The color gray.
Shed-quarters, a name for freestanding, backyard home offices.
These are three trends we talked about in Home & Garden during 2017, along with ongoing discussion about pollinators, a hot-button topic for several years now, and the usual — or should we say "unusual"? — tours of great Quad-City homes and gardens and reports on people with outstanding hobbies, collections and skills.
As we plan more stories for 2018, here's a quick look back, a thank you to those who shared their time with us on Sunday mornings.
1. Backyard chickens. After much cackling at various city council tables, the cities of Davenport, Rock Island, Moline and Clinton passed ordinances allowing backyard chickens, and about 60 people region-wide took them up on the opportunity.
Jerry and Natasha Sottos, Mike Angelos and Julie Schmidt Urban, Matt and Jody Brooke and Lynn Drazinski were among the chicken farmers we interviewed.
2. Shades of gray. Everywhere you look, it seems, homes are turning gray. Among the leaders of this trend are James Huskamp, Mike and Lorena Bush, Tony and Linda Haut, Chad and Meghan Howell and Jonathan and Alex Wenger.
Another trend was the continued use of shiplap siding, popularized by the HGTV show "Fixer Upper," and used to good advantage by Robert and Kristin Schumacher, builders of one of 25 homes in the Spring Preview of Homes. Also: Backyard projects using new types of pavers and blocks, as shown by Jess Borcher, of King's Materials, Eldridge, at the annual Home Show.
3. Shed-quarters. Matt Schnell of Bettendorf introduced us to this term in a story about home offices, specifically free-standing backyard buildings such as the one he built in Bettendorf.
4. Great homes. Jim Schumacher outdid himself in the reinvention of an onion field barn and salvaged silo in Bettendorf.
Jason and Bonnie Tanamor completed a major kitchen makeover in their home in Rock Island's Highland Park Historic District.
In Davenport's historic Gold Coast neighborhood, Adam and Alyssa Kuehl invited us back to see the progress they've made in two years on their 1800s mansion, and Dick and Linda Stone of Muscatine brought us up-to-date on their years-long renovation of the Iles-Lambrite-Petersen house.
Erik and Danielle Reader showed off their Rock Island home, one of seven, brand-new, two-story townhouses built next to the Botanical Center; Jordan Kirkbride and Gena Schantz helped us tell the stories behind furnishings in the Col. George Davenport Home on Arsenal Island; and Randy and Mary McDonald offered their Mediterranean-style home as our annual "house along the Bix route" feature.
C.J. and Janessa Ormsby of Bettendorf shared their "Fixer Upper" vision and Davenport Mayor Frank Klipsch and his wife Terre invited us to see the view from their apartment in the former Kahl nursing home in Davenport.
Historic homes included the Antoine LeClaire House in Davenport, Quarters One on Arsenal Island, the all-metal Lustron home of Marty and Cindy Mahieu in Moline, the 125-year-old Apollonia and Samuel S. Davis Bridal House owned by John and Kathy Wahlgren Ruckauf of Rock Island and the 1860s pilot house owned by Elizabeth Turner in LeClaire.
5. Flowers, gardens.
Chris Noth of Davenport shared his dazzling dahlias, and Janis Harbison of DeWitt let us in on her container garden secrets.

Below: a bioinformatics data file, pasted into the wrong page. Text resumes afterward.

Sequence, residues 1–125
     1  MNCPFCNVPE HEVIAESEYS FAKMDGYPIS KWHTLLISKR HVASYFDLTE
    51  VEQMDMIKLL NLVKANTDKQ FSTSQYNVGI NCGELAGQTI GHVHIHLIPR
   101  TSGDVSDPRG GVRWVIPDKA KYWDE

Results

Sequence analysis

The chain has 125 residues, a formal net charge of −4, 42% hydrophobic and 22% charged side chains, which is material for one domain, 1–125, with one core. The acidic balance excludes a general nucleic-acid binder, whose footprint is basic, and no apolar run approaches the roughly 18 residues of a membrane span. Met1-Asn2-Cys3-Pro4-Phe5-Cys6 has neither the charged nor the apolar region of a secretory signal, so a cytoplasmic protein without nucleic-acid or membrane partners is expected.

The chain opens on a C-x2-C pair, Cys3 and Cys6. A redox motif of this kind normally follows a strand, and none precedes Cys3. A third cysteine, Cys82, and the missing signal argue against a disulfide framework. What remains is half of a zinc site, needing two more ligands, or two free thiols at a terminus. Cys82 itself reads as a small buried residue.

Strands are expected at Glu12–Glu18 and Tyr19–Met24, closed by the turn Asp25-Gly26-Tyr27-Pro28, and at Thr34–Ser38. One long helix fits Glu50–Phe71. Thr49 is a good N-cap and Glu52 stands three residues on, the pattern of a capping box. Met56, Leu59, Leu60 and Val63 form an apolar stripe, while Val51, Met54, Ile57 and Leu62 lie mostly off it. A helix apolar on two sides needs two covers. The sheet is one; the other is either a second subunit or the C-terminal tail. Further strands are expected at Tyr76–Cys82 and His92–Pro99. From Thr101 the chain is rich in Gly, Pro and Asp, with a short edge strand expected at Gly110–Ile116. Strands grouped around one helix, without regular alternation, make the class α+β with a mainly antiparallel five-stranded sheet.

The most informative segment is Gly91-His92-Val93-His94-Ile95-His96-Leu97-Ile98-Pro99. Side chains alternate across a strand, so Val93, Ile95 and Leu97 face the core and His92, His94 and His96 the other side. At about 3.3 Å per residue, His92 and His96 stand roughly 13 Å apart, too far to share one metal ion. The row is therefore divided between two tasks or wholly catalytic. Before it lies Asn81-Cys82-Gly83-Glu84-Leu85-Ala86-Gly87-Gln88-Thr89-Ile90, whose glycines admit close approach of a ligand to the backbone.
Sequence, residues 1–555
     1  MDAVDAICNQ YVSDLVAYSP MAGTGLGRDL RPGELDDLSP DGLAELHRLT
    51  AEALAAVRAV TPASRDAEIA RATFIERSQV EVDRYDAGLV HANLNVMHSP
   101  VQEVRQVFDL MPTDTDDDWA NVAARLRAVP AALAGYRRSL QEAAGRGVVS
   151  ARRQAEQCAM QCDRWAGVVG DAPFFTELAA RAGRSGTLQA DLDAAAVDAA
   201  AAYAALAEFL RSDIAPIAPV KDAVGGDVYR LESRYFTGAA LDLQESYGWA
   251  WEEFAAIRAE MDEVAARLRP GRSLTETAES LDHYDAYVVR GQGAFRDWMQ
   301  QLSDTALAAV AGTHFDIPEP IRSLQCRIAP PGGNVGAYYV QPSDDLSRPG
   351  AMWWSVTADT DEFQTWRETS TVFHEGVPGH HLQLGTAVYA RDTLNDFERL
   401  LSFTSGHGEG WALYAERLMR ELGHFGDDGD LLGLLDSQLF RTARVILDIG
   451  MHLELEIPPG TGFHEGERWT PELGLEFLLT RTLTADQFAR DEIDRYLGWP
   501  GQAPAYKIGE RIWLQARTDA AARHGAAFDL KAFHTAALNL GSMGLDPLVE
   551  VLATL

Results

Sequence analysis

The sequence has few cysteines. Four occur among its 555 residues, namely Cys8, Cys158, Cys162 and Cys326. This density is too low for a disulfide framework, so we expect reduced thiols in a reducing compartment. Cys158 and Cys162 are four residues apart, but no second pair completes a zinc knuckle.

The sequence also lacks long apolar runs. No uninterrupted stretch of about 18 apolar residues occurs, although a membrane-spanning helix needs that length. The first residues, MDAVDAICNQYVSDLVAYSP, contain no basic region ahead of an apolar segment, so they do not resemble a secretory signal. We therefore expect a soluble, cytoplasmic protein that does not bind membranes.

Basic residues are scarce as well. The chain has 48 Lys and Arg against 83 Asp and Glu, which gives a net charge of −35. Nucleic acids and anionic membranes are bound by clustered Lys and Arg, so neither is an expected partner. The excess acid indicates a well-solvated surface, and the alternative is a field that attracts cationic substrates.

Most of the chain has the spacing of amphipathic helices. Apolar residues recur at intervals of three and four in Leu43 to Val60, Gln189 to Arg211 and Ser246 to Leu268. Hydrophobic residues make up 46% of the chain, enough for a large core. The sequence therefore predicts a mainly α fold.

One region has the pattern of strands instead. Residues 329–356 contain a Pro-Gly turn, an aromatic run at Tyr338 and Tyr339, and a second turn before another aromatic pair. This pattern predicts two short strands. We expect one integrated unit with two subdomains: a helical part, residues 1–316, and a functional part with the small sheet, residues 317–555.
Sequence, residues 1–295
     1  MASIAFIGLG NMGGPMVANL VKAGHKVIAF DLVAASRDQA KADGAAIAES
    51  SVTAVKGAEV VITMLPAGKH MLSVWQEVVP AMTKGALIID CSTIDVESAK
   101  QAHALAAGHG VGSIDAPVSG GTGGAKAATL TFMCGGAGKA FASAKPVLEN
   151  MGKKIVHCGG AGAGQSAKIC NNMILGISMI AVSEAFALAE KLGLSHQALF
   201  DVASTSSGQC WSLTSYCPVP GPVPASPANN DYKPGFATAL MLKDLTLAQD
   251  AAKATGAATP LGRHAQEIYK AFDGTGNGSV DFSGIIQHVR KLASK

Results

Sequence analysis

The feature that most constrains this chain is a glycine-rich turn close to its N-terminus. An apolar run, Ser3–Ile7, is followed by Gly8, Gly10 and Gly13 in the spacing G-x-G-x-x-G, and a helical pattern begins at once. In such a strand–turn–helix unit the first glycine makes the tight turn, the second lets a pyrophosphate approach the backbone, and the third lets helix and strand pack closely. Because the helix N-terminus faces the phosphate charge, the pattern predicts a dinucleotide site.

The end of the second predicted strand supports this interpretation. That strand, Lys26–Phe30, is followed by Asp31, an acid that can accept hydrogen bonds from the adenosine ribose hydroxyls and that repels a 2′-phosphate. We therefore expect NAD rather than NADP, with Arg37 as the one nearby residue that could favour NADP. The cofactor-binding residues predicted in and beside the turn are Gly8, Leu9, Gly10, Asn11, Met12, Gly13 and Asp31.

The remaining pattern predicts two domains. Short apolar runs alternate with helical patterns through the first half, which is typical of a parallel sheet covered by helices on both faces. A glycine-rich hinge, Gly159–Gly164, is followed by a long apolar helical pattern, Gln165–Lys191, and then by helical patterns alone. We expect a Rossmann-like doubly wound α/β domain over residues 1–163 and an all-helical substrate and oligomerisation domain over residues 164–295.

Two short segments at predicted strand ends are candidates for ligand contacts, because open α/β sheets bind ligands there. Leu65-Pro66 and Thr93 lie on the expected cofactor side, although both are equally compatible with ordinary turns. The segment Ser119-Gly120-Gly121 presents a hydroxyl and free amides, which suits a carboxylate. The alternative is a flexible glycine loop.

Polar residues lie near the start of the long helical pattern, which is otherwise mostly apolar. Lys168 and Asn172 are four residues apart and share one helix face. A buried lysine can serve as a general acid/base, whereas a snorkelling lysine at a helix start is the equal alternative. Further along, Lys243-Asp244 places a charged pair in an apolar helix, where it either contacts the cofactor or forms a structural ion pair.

Jean Moffit of DeWitt led us around her "prettiest farm in Iowa" as a preview of the Clinton County Master Gardeners' garden walk, and Gary Kerofsky explained his foundation planting redo for a story about the Silvis Garden Club garden walk.
6. Hobbies. We learned about the pro-wrestling collection of Joyce Paustian, Davenport; the Underground Railroad quilt made by Clayton Peterson, Rock Island; the special Christmas cookies made by Karen Bartel, Davenport; and the blue-ribbon skills of crafters at the Mississippi Valley Fair.
7. Education. University Extension service personnel and many other people put together programs for life-long learning, from the "Nursery School" of Rock Island County Extension to the "Hort in the Heartland" in Clinton.
8. Miscellaneous. Davenport's Putnam Museum let us into its storage area to see its collection of 3,707 wild bird eggs, the Figge Art Museum exhibited rediscovered paintings of Rock Island native Irma Rene Koen and owners of Scott County Century Farms told us their stories. Davenport attorney/certified organic farmer Cody Kiroff and his wife Meghan explained an innovative indoor food production system called "aquaponics."
9. Bees, pollinators. We wrote a lot this year about pollinators, from the butterfly milkweed being named the "perennial plant of the year" to the Pollinators' Palooza at the Putnam Museum and the third annual Quad-Cities Pollinator Conference at the Davenport River Center.
10. Seasonal decorating. Halloween keeps growing; among the decorators we featured this year were Sam Jacks and fiancé Tara Jones, Helen Kurtz and son Brendan, John and Mindy Mockmore, Kindel Chevrestt, Don and Ruth Sturms and Karen Scott.
Finally, of course, was Christmas. We visited the home of Rick and Denise DeBaillie in East Moline; the former Joseph Bettendorf mansion in Bettendorf, now Rivermont Collegiate; and the side-by-side wonders of Scott and Vickie Aguilar and Tony and Lea Sandoval of Bettendorf.
And we explored two kinds of three-dimensional snowflakes. One was created on a printer by students and staff at Eastern Iowa Community Colleges for the Festival of Trees, and the other was brought to life with a scissors and the creative mind by Keith Bonstetter.
Thank you, one and all. Happy New Year.